2. The opposite subgroup consists of initial abbreviations with the alphabetic reading retained. They also retain correlation with prototypes. The examples are well-known: B. B. C. ['bi:'bi:'si:] — the British Broadcasting Corporation; G. I. ['djii'aij] — for Government Issue, a widely spread metonymical name for American soldiers on the items of whose uniforms these letters are stamped. The last abbreviation was originally an Americanism but has been firmly established in British English as well. M. P. ['em 'pi:] is mostly used as an initial abbreviation for Member of Parliament, also military police, whereas P. M. stands for Prime Minister. These abbreviations are freely used in colloquial speech as seen from the following extract, in which C.P. Snow now describes the House of Commons gossip: They were swapping promises to speak for one another: one was bragging how two senior Ministers were "in the bag" to speak for him. Rigger was safe, someone said, he'd give a hand. "What has the P. M. got in mind for Roger when we come back?" The familiar colloquial quality of the context is very definitely marked by the set expressions: in the bag, give a hand, get in mind, etc.

Other examples of initial abbreviations with the alphabetical reading retained are: S.O.S. ['es 'ou 'es] — Save Our Souls, a wireless code-signal of extreme distress, also figuratively, any despairing cry for help; T.V, or TV ['ti: 'vi:] — television; Y. C. L. ['wai 'si: 'el] — the Young Communist League. The names of English letters seem to favor this type of abbreviation.

The term abbreviation may be also used for a shortened form of a written word or phrase used in a text in place of the whole, for economy of space and effort. Abbreviation is achieved by omission of letters from one or more parts of the whole, as for instance abr. for abbreviation, bldg for building, govt for government, cdr. for commander, doz or dz for dozen, ltd for limited, B. A. for Bachelor of Arts, N. Y. for New York State. Sometimes the part or parts retained show some alteration, thus oz denotes ounce and Xmas denotes Christmas. Doubling of initial letters shows plural forms as for instance pp for pages, ll for lines or cc for chapters. These are in fact not separate words but only graphic signs or symbols representing them. Consequently no orthopedic correlation exists in such cases and the unabbreviated word is pronounced: [lainz].

A specific type of abbreviations having no parallel in Russian is represented by Latin abbreviations which sometimes are not read as Latin words but substituted by their English equivalents. A few of the most important cases are listed below: ad lib (Lat ad libitum) — at pleasure; a. m. (Lat ante meridian) — in the morning; cf. (Lat conferre) — compare; cp. (Lat comparer) — compare; e.g. (Lat exempli gratia) — for example; ib (id) (Lat ibidem) — in the same place; i.e. (Lat id est) — that is; loc. cit. (Lat locus citato) -in the passage cited; ob. (Lat obiit) — he (she) died; q. v. (Lat quod vide) — which see; p. m. (Lat post meridiem) — in the afternoon; viz (Lat videlicet) — namely. An interesting feature of present-day English is the use of initial abbreviations for famous persons' names and surnames. Thus George Bernard Shaw is often alluded to as G. B. S. ['dji; 'bi: 'es], Herbert George Wells as H. G. The usage is clear from the following example: "Oh, yes ... where was I?" ''With H. G.'s Martians," I told him.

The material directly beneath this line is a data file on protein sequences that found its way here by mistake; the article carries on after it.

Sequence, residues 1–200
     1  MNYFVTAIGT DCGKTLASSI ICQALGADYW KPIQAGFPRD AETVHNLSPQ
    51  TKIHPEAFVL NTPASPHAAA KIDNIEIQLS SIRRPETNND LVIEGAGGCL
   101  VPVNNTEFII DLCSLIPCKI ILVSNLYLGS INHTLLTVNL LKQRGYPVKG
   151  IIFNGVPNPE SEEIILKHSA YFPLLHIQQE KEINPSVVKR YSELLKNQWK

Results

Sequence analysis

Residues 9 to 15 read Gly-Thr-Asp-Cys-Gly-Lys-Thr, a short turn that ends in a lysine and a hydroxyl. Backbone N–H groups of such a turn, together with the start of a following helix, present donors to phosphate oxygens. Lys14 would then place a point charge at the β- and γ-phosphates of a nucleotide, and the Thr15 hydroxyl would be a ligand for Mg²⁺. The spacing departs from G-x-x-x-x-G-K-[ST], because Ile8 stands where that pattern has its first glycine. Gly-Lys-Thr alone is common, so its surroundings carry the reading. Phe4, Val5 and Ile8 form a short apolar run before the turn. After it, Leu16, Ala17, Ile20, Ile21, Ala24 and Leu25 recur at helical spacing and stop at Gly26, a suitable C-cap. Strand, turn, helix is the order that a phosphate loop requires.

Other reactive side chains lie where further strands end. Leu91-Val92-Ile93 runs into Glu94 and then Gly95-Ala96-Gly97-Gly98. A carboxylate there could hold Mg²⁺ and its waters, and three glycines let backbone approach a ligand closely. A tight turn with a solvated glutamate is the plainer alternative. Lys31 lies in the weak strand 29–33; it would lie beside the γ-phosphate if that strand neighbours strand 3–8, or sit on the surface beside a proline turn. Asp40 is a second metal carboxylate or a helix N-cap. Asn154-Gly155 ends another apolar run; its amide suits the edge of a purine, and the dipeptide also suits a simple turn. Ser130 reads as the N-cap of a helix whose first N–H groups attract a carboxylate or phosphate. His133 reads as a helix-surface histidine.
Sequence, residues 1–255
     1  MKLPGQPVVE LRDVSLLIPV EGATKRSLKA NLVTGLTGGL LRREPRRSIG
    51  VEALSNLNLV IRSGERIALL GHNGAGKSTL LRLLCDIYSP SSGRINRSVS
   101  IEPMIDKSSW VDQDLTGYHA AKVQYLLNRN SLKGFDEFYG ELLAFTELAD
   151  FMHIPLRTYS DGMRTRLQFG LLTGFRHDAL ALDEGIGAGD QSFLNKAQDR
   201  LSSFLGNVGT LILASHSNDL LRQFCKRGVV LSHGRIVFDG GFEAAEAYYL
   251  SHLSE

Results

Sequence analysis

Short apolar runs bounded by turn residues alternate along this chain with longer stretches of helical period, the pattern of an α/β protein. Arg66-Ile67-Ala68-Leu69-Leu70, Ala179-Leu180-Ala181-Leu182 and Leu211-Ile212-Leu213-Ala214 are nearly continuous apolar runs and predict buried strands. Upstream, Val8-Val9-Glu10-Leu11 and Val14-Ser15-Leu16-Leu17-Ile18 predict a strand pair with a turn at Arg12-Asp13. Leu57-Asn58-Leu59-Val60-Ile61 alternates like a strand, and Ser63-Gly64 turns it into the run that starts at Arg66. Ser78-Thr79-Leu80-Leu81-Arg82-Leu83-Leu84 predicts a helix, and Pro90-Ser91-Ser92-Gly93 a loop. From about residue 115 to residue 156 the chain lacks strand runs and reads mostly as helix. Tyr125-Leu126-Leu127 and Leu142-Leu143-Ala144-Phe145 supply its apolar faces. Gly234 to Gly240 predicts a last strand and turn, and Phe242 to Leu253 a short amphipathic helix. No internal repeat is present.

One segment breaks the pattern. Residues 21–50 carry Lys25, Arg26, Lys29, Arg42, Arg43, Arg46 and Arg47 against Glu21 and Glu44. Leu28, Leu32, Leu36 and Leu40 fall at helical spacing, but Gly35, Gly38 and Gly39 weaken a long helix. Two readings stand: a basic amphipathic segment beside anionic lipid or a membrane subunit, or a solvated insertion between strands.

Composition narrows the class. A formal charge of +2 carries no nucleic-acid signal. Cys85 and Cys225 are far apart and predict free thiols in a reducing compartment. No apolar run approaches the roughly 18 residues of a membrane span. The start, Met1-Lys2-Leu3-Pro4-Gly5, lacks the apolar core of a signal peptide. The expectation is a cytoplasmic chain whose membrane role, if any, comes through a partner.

Journalistic abbreviations are often occasioned by a desire to economize head-line space, as seen from the following example - "CND Calls Lobby to Stop MLF" ("Daily Worker"). This means that a mass lobby of Parliament against the Nato multilateral nuclear force (MLF) is being called by the Campaign for Nuclear Disarmament (CND).

These regular developments are in some cases combined with occasional jocular or accidental distortions. The National Economic Development Council is facetiously termed Needy. Elementary education is colloquially referred to as the three R's — reading, writing and Vithmetic. Some kind of witty folk etymology is at play when the abbreviation C. B. for construction battalions in the navy is respect into sea bees. The two well-known Americanisms jeep and okay may be mentioned in this connection. Jeep meaning 'a small military motor vehicle' comes from g. p. ['dgi: 'pi:j (the initials of general purpose). Okay may be an illiterate misinterpretation of the initials in all correct. Various other historical anecdotes have been also offered by way of explanation of the latter.